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  • Article

    Word Up

    Stephen Petronio's 70-minute kinetic meditation on time, Not Garden, which opens Tuesday at the Joyce Theater, relies on word and body. In Amherst, Massachusetts, last month, much of the movement was swallowed up in the stylish staging, a problem tha...

    by H.B. Kronen on December 15, 1998
  • Article

    Bridge Work - Brooklyn's New Alternative Theater

    Walk down Williamsburg's North 6th Street and you may notice a purple light shining on the front of a brick warehouse. Push through the building's metal door, and you'll find yourself on a catwalk that borders a huge area filled with water. The shall...

    by Stephen Nunns on December 15, 1998
  • Article

    Midtown Tragedy

    Those of you who just tuned in probably think my headline alludes to Sophocles's play. On the other hand, my regular readersall junior partners with the fine old firm of Hypocrite Lecteur, Semblable & Frereprobably assume it's a setup for rude rema...

    by Michael Feingold on December 15, 1998
  • Article

    Fateful Love

    Diana Son's Stop Kiss (Public Theater) jangles and crackles like a clangorous New York street on a summer night; it bristles with cynical asides and wiseass retorts as it follows the meeting and mating of two women. Callie is the quintessential ...

    by Francine Russo on December 15, 1998
  • The Screens - All the World's a Cyber Stage: The State of Online Theater

    Article

    The Screens - All the World's a Cyber Stage: The State of Online Theater

    Watery-looking clouds move haltingly across the computer screen. The Net-fed image, pixilating frequently into tiny, painterly cubes of digital cumulus, delights Rae C. Wright, the author of Art Thief a live performance made accessible to screens in...

    by Jessica Chalmers on December 8, 1998
  • Going Gold

    Article

    Going Gold

    On October 11, 1948, Lincoln Kirstein's Ballet Society (two years old and boasting 800 subscribers) became the New York City Ballet. During its somewhat shaky first season at City Center half-filled houses at performances relegated to Monday and Tu...

    by Deborah Jowitt on December 8, 1998
  • Article

    Brain Wave

    It's been so long since Ballett Frankfurt graced these shores that artistic director William Forsythe is known to many here only by his reputation as a radical wunderkind and heir to Balanchine. Recent commissions for the San Francisco Ballet and New...

    by Christopher Reardon on December 8, 1998
  • Article

    Old School Tie - Powell Puts Down Roots (and Sends Up Shoots) at Ailey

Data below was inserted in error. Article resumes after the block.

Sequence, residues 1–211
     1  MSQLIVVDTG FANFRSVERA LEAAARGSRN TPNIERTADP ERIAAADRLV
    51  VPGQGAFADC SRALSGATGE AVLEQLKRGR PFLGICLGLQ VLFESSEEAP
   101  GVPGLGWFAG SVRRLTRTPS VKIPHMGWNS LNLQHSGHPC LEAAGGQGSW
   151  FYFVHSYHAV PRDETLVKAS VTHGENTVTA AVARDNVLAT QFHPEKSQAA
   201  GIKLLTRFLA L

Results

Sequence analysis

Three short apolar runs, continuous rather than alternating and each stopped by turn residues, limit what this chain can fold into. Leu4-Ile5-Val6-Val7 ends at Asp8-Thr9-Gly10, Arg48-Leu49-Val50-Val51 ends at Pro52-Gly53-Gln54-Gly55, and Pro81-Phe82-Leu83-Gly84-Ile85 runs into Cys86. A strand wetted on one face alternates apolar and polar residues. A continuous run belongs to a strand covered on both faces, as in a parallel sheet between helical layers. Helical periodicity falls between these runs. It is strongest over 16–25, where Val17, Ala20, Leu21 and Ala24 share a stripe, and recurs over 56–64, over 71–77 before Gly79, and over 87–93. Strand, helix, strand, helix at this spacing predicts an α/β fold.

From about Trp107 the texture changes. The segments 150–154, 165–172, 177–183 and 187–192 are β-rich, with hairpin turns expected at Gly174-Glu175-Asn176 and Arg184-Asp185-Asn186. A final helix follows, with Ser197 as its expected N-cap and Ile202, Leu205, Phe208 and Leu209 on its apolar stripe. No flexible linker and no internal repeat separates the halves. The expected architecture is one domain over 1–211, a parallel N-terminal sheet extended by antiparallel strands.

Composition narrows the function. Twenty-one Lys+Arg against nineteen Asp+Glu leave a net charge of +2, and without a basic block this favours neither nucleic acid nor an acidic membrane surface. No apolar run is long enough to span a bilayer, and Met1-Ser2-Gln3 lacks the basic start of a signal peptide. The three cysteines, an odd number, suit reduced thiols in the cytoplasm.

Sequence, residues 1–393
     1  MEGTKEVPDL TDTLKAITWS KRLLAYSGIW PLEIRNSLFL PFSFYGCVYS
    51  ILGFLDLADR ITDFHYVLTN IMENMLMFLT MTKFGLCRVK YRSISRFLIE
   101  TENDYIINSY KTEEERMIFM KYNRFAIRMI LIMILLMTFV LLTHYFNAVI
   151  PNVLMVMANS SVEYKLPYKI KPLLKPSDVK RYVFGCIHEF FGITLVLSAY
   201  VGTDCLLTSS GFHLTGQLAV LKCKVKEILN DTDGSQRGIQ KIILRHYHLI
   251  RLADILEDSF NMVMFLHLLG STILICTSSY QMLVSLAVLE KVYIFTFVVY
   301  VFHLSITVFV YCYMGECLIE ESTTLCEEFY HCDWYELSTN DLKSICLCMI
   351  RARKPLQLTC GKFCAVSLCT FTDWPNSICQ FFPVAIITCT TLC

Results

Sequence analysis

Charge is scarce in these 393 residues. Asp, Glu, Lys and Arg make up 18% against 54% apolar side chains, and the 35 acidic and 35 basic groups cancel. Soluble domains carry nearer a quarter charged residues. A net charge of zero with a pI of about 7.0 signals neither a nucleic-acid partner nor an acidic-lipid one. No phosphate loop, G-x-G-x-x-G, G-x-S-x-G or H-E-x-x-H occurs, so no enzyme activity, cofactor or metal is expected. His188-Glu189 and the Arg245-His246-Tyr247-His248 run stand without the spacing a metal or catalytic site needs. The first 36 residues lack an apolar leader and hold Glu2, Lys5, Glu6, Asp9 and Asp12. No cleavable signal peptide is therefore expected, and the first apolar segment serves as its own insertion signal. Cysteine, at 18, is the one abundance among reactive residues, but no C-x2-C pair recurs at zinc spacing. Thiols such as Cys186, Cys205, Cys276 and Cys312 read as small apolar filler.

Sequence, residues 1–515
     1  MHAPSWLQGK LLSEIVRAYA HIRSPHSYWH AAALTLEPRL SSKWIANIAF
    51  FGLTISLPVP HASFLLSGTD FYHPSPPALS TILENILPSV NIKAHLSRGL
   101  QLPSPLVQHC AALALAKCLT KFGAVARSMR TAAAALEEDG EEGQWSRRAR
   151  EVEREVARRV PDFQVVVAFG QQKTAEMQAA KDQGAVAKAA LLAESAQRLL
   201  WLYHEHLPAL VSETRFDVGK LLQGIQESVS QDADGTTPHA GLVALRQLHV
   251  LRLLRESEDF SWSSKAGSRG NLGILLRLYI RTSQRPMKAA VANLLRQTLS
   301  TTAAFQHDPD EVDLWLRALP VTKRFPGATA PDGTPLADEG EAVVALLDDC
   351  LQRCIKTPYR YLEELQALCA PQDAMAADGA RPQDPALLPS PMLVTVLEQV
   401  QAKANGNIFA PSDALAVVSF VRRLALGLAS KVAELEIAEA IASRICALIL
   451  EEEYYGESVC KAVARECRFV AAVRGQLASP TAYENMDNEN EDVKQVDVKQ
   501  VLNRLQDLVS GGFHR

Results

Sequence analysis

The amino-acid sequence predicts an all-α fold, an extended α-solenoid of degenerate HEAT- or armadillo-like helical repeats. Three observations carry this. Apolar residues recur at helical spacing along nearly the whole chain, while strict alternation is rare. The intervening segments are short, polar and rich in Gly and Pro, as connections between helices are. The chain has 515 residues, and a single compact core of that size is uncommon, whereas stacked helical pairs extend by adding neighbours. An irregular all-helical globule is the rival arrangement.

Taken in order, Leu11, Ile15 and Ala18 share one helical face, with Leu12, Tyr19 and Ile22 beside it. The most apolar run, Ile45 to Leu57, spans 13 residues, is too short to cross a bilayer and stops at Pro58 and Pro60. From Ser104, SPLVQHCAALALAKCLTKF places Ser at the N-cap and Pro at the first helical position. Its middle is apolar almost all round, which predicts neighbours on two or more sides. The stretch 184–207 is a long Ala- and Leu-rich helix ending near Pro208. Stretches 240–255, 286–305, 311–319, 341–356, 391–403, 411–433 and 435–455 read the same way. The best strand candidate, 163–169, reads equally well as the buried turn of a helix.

Ailey dancer Troy O'Neil Powell, whose first choreography premieres next week at City Center, was nine years old the youngest in a family of six when company representatives came to East Harlem's P.S. 50 looking for a few good kids. They picked Pow...

    by Elizabeth Zimmer on December 8, 1998
  • School of Paris

    Article

    School of Paris

    Ever since New York supposedly stole the idea of modern art from Paris, we've tended to think of that former center of the art world as a loser. It was, however, never really a matter of theft. Modernism more or less packed itself up and emigrated he...

    by Kim Levin on December 8, 1998
  • Article

    War and Peace

    Hiroshi Sugito, 28, loves painting and painting alone. This makes him unique among the high-tech, hard-edge, Pop-oriented wizards who have emerged from Japan in the last decade. Sugito's depictions of a blissful, make-believe world marred by an alm...

    by Jerry Saltz on December 8, 1998
  • Broadways and Means

    Article

    Broadways and Means

    In another era, on a different Broadway, I might not be so enthused about this revival of On the Town; you'll find quibbles in plenty below. But why kid ourselves? If a musical's supposed to transport you to another world, I'd rather be in the world ...

    by Michael Feingold on December 8, 1998
  • Article

    Cagey

    Come view the monster on Death Row. He's safe step closer . . . closer. . . . In So, I Killed a Few People . . . (Piano Store), writers David Summers (who performs) and Gary Ruderman (who directs) play with the distance emotional, metaphorical, and...

    by Francine Russo on December 8, 1998
  • Article

    Heaven Knows

    Wolfgang Tillmans's third exhibition in New York is his best. He's moving beyond one of the more ubiquitous aesthetics of the 1990s, one he helped establish: the anything-young-is-good school of photography, an outgrowth of the apotheosis-of-the-snap...

    by Jerry Saltz on December 1, 1998
  • Days of the Dead

    Article

    Days of the Dead

    For better or worse, my being was permanently altered by my adolescent encounter with the Grateful Dead in the early 1980s. Murky days for the band for sure, but the shows my teenage drug buddies and I caught throughout California poured psychedelic ...